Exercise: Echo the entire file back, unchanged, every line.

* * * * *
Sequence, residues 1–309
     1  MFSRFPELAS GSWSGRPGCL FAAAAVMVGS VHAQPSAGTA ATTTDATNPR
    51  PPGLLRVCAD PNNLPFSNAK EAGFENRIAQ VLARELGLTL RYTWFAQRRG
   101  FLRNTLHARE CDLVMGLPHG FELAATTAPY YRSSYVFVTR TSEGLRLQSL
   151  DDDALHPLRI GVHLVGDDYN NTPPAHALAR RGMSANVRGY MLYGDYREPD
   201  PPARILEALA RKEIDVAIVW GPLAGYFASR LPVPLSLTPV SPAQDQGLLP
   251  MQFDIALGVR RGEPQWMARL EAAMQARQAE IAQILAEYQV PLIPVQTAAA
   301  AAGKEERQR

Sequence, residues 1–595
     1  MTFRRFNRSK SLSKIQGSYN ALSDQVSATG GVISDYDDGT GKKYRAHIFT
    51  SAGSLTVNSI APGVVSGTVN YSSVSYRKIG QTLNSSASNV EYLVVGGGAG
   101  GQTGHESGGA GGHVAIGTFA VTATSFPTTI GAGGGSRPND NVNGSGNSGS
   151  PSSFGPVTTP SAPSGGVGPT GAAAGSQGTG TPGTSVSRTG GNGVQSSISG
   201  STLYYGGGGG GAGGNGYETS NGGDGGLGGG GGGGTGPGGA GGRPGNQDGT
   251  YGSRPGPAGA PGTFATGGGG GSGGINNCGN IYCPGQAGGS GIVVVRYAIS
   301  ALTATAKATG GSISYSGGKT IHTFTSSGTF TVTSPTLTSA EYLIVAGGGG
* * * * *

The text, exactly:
Sequence, residues 1–309
     1  MFSRFPELAS GSWSGRPGCL FAAAAVMVGS VHAQPSAGTA ATTTDATNPR
    51  PPGLLRVCAD PNNLPFSNAK EAGFENRIAQ VLARELGLTL RYTWFAQRRG
   101  FLRNTLHARE CDLVMGLPHG FELAATTAPY YRSSYVFVTR TSEGLRLQSL
   151  DDDALHPLRI GVHLVGDDYN NTPPAHALAR RGMSANVRGY MLYGDYREPD
   201  PPARILEALA RKEIDVAIVW GPLAGYFASR LPVPLSLTPV SPAQDQGLLP
   251  MQFDIALGVR RGEPQWMARL EAAMQARQAE IAQILAEYQV PLIPVQTAAA
   301  AAGKEERQR

Sequence, residues 1–595
     1  MTFRRFNRSK SLSKIQGSYN ALSDQVSATG GVISDYDDGT GKKYRAHIFT
    51  SAGSLTVNSI APGVVSGTVN YSSVSYRKIG QTLNSSASNV EYLVVGGGAG
   101  GQTGHESGGA GGHVAIGTFA VTATSFPTTI GAGGGSRPND NVNGSGNSGS
   151  PSSFGPVTTP SAPSGGVGPT GAAAGSQGTG TPGTSVSRTG GNGVQSSISG
   201  STLYYGGGGG GAGGNGYETS NGGDGGLGGG GGGGTGPGGA GGRPGNQDGT
   251  YGSRPGPAGA PGTFATGGGG GSGGINNCGN IYCPGQAGGS GIVVVRYAIS
   301  ALTATAKATG GSISYSGGKT IHTFTSSGTF TVTSPTLTSA EYLIVAGGGG